Variations in the oven temperature and carrier-gas pressure influence peak retention times significantly enough so that differences from column to column and instrument to instrument make method validation a necessity for ensuring consistent results. Instrument-to-instrument variability can be brought under control by implementing a few simple calibration and set-up procedures, and validation is made more reliable as a result. The first part of this series showed that analysts should understand the effects of performing the same analysis on different gas chromatography (GC) systems on the variability of their results, in particular on retention times (1). The dependencies of peak retention times on oven temperature and inlet pressure can be large enough to cause significant deviations of 15 s or more between instruments when the individual oven temperatures differ by only 1 °C or the pressures by 1 psi. The scope of these variations depends in turn upon the chromatographic conditions, the column, and the analytes under examination. Although not a substitute for validation and suitability testing, instrument calibration can help to reduce the normal variability that will be encountered when working with multiple instruments and multiple columns.
Column Effects There are three main column variables that affect retention times: dimensional variations such as inner diameter and length; stationary phase variations both in the chemistry and the film thickness; and aging effects due to gradual contamination with sample residue as well as phase loss due to overheating. This month's column addresses some of the issues related to dimensional variations.
I vividly recall spending many long nights in the graduate school lab drawing out borosilicate glass columns on a cantankerous machine that would have made cartoonist Rube Goldberg proud (see http://www.rube-goldberg.com/). If I was lucky enough to obtain a single 10-m long piece of coiled tubing, I then was faced with the tasks of coating the column with a stationary phase that I had synthesized from scratch and installing it intact into the gas chromatograph's oven. I made no pretense of duplicating any of these handmade columns and I don't know what the tolerance levels were on their inner diameters or film thicknesses. Fortunately, this had no bearing on my work. However, it did leave me with an appreciation of the technology that goes into producing capillary GC columns.Two studies published in the 1970s recorded the state of the art of commercial glass capillary GC column production at the time (2,3). A statistical evaluation of the data published in the two papers (4) reveals retention-factor standard deviations of 5.9% for 16 methylsilicone columns, 11.4% for 7 phenylmethylsilicone columns, and 30.4% for 9 Carbowax 20M columns (2). In the second report, the authors measured the relative retention of several peak pairs and found, not surprisingly, much smaller standard deviations: 0.28-0.37% for methylsilicone and 0.32% for Carbowax 20M. Nonpolar columns prepared with twice the stationary phase film thickness had even smaller column-to-column relative retention variations (3). The variability of the column inner diameter does not affect retention factors under the isothermal conditions used, and its range was given as dc = 270 ± 20 μm (2).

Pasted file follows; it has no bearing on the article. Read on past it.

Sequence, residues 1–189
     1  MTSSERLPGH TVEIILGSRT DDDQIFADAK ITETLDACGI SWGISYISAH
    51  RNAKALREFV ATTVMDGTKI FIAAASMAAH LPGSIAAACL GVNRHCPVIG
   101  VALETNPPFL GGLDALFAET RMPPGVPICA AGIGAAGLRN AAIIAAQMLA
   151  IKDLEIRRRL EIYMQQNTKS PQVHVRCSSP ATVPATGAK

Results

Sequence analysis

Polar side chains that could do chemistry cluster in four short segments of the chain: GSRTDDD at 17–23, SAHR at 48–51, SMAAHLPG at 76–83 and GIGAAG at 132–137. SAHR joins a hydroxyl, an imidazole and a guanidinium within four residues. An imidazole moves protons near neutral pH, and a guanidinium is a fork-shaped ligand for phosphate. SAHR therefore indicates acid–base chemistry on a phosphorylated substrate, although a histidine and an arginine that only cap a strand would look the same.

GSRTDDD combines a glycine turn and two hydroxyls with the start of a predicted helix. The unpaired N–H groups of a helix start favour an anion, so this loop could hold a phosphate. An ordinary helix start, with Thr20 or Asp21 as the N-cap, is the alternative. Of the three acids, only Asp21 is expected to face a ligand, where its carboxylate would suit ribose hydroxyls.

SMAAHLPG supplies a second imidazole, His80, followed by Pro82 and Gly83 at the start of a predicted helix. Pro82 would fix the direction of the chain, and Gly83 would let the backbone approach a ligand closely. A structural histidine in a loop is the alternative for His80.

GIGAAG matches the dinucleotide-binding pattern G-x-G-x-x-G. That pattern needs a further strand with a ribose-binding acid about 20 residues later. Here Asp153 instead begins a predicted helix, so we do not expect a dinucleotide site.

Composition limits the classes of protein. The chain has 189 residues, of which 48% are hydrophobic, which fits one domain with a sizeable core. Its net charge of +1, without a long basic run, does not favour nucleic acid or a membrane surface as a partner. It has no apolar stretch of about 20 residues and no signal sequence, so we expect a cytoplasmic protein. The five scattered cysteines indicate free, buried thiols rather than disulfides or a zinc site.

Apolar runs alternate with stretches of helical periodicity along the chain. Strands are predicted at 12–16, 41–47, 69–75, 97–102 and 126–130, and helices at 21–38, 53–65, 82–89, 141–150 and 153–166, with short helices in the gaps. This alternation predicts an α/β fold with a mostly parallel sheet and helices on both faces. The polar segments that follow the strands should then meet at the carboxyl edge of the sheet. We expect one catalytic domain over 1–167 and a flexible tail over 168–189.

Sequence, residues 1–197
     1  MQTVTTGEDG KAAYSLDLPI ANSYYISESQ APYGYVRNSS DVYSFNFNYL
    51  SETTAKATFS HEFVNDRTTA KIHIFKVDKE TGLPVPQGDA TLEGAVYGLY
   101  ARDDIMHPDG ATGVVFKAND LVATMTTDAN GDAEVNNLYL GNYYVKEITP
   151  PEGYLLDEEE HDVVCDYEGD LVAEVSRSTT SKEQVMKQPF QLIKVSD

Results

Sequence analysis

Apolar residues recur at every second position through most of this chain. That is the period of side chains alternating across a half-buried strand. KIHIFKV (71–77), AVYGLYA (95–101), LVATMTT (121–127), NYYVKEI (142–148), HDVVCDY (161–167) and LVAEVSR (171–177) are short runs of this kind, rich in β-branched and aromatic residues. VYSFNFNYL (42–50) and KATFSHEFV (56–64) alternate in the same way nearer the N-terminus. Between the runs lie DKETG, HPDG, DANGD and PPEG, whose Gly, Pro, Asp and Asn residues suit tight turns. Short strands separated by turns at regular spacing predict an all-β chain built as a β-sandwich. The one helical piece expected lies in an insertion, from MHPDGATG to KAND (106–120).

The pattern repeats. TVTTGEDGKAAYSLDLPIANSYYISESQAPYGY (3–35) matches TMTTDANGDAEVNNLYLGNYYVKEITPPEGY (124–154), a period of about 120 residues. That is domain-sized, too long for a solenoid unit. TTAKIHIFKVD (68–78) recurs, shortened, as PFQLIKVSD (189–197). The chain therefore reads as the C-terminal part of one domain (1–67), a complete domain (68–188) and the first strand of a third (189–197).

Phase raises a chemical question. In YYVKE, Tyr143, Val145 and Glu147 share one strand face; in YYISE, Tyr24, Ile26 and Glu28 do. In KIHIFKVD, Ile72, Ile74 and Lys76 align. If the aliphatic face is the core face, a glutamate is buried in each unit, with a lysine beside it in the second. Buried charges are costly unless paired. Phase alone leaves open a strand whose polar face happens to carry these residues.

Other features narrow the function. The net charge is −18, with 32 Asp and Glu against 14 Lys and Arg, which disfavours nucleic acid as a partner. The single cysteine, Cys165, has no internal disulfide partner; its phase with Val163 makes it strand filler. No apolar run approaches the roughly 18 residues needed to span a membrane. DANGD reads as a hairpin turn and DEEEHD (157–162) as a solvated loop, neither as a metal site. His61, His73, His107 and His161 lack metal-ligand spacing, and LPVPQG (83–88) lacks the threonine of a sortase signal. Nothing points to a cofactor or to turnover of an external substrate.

Today, analysts rely upon column manufacturers to produce a consistent product from fused-silica tubing. Advances in tubing production and chemical treatment, stationary phase synthesis, column coating, and conditioning have greatly reduced the variability in column dimensions and retention as well as yielding much lower bleed levels, higher stability, and longer life. It would be very interesting to see similar data on populations of modern capillary columns that compares them with the older studies.
Gas chromatographers who want to ensure the best consistency from column to column should choose one manufacturer as their column source for each specific analytical method. There are no technical reasons to select or eliminate any particular manufacturer, but columns from the same company will be much more self-consistent than would be the case for columns from different manufacturers with the same nominal dimensions and stationary phase types. Of course, some column companies' proprietary stationary phases and column chemistry might be better suited for certain applications. Careful evaluation of multiple examples of a specific column is always a good idea before committing to any particular choice.